Drag Icon Charles Busch Plays a Fallen Woman in The Confession of Lily Dare
Not even an earthquake can shake her resolve.
Successive American generations have aspired for their children to live better lives than themselves; and by that metric, Lily Dare is an American success story. We learn the tawdry and improbable details of her roller-coaster story in Charles Busch's The Confession of Lily Dare, now performing with Primary Stages at the Cherry Lane Theatre. It's a campy pleasure trip for lovers of old movies, and a must-see for postulants at any of New York City's many orders of drag.
Busch is one of the most enduring practitioners of that art form on the off-Broadway stage, and one of the last active playwrights of the Ridiculous Theater. Centered in the West Village (particularly around Charles Ludlam's Ridiculous Theatrical Company), that queer school of stagecraft emphasized the fun that could be had in gender-bending subversion; and it borrowed liberally from "low" forms like film and television in its quest to create hilarious, ridiculous American mythology onstage.
Following his last collaboration with Primary Stages, the 2014 real estate comedy The Tribute Artist, Busch returns to the kind of cinematic send-up that made him a name in the theater (shows like Vampire Lesbians of Sodom and Psycho Beach Party). Lily Dare is inspired by The Sin of Madelon Claudet (1931) and Frisco Jenny (1932), films about women who crawl across the underbelly of society as part of a great sacrifice for their children.
Of course, Lily (played by Busch) is bright and innocent when she first arrives in San Francisco circa 1906, fresh from a convent school in the Swiss Alps. She has been sent to live with her Aunt Rosalie (Jennifer Van Dyck), totally unaware that Rosalie is the proprietress of an infamous brothel. Lily falls for penniless bookkeeper Louis (Christopher Borg), but when he is killed in an earthquake, she finds herself alone and pregnant with his child. To support her family, she turns to underworld aristocrat Blackie Lambert (a sinister and charming Howard McGillin). From there she tumbles through stints as a cabaret singer, a convict, and a successful madam in her own right — all while trying to shield her daughter, Louise (Van Dyck), from the truth.
The tropes pour out of Lily Dare like a camp cumulonimbus, and that's all part of the fun. Blackie introduces himself, "I'm what is known as a shady character from a once prominent family who adds a veneer of class to whatever room he's in." Conversely, Louis describes himself as a "flea bitten Sir Galahad."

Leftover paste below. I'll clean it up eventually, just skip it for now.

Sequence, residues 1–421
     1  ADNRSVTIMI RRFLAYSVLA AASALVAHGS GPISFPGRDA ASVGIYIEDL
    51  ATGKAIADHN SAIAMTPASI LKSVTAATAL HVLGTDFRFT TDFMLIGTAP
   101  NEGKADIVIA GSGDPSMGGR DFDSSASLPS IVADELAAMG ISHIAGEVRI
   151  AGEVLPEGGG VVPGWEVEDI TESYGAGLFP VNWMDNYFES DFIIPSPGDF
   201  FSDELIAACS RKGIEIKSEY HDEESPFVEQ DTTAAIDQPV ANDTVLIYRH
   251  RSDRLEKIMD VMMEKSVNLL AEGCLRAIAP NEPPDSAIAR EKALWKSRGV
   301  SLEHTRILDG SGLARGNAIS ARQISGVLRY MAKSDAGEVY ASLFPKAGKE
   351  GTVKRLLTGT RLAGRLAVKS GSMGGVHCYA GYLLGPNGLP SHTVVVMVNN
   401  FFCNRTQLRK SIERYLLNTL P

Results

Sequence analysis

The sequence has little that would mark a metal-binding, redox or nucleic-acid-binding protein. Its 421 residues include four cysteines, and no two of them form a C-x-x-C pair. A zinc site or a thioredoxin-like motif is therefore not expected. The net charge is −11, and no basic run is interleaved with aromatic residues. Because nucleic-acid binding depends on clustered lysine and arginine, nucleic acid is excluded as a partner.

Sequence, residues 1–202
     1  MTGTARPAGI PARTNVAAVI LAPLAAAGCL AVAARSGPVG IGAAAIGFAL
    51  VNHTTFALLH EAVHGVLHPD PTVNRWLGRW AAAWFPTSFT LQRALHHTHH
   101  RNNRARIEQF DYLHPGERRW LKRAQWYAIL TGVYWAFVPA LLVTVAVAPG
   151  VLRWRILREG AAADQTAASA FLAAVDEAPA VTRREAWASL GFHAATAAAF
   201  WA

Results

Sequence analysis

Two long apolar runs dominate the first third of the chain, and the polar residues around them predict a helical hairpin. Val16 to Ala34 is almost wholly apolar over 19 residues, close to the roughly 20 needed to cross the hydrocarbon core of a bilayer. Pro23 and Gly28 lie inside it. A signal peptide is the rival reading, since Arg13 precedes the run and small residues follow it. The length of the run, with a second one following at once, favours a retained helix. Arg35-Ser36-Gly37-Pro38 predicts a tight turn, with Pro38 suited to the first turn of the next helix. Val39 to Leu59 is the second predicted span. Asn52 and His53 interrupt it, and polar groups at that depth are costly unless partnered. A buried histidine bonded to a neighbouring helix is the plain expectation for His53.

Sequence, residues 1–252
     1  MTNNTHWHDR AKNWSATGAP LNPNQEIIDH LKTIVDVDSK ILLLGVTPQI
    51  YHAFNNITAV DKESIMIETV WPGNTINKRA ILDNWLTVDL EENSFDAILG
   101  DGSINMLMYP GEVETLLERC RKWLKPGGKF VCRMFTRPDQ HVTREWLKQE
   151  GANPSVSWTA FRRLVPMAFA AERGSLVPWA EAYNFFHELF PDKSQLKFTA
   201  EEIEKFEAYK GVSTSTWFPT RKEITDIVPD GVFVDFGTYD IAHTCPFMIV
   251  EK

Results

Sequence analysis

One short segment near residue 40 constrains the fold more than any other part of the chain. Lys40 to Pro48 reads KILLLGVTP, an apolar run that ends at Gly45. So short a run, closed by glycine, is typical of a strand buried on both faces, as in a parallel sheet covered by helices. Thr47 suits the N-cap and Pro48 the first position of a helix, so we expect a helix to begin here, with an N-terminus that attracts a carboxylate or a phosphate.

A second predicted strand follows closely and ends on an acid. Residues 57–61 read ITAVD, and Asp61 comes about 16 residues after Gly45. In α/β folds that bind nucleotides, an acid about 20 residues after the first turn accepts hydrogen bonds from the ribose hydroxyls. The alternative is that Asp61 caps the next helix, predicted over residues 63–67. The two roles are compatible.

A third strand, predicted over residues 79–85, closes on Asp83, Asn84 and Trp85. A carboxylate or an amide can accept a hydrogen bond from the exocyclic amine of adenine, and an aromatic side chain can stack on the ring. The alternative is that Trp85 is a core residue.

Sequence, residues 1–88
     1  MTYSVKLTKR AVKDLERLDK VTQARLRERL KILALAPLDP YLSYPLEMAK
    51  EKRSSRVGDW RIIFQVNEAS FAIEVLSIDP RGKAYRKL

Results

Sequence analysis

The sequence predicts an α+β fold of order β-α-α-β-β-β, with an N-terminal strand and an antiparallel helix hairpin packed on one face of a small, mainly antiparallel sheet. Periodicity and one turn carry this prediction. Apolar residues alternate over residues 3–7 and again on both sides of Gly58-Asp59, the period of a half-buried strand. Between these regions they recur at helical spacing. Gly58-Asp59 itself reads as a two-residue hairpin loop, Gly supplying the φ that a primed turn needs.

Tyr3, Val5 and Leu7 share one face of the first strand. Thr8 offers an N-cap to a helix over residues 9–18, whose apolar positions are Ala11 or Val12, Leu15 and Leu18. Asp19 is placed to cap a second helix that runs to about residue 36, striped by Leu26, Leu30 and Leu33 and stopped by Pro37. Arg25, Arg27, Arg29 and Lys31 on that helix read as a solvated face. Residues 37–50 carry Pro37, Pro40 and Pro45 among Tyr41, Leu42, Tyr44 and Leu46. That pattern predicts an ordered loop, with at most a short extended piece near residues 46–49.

This vintage silhouette of a plot offers an ideal frame for Busch's howl-inducing one-liners. When Blackie offers Lily a Fabergé egg, she agrees to accept "a small one. To be polite." In that same scene, Blackie tricks Lily into claiming she saw a theatrical performance by an actress that doesn't exist. He chastises, "That you fell for it is an insult to all aging actresses and the Sodomites who love them."
Such lines are instant classics, and they roll off the acrobatic tongue of a performer like Busch. He luxuriates in an antiquated style of acting that is tremendously satisfying to behold. In a later scene with McGillin, we watch as disgust overtakes Busch's face, and then curdles into rage. Why bother with a close-up when Busch can bring his expression right to our seats through a contortion of the brow or curl of the lip?
There are other memorable performances, including Borg as a grotesque Austrian count and Van Dyck as a doctor's wife who delivers an overwrought monologue about the virtues of motherhood. Kendal Sparks and Nancy Anderson provide narration as Mickey and Emmy Lou, friends of Lily who recount her life while gazing at her tombstone.
Director Carl Andress's low-tech staging brings an air of DIY theatricality to the story, starting with the beaded curtain framing the stage: Scenic designer Brian T. Whitehill has fashioned it out of translucent red plastic plates and bottles, conjuring an Edwardian brothel on a Party City budget. Rachel Townsend's imaginative costumes present a heightened version of another time (I especially loved Lily's ludicrously puffy shoulders on her madam dress). Kirk Bookman effects 1930s cinematic lighting, and Bart Fasbender underscores it all with the sound of a swelling orchestra. All that's missing is the popcorn.
It is easy to dismiss Lily Dare (and most of Busch's work) as a nostalgia act aimed at a graying audience of gay cinephiles. And it's true that Busch's frame of reference is much closer to Bette Davis than Beyoncé. But if you choose to have postshow drinks, I highly recommend the recently opened gay bar Playhouse, just around the corner in the former Actors' Playhouse Theatre. There you are likely to encounter drag queens who were born in the '90s and are still quoting Mae West and performing tributes to Judy Garland. When so much of the mainstream culture seems to suffer from amnesia, that kind of continuity in gay culture feels priceless — and we have drag artists like Busch to thank for it.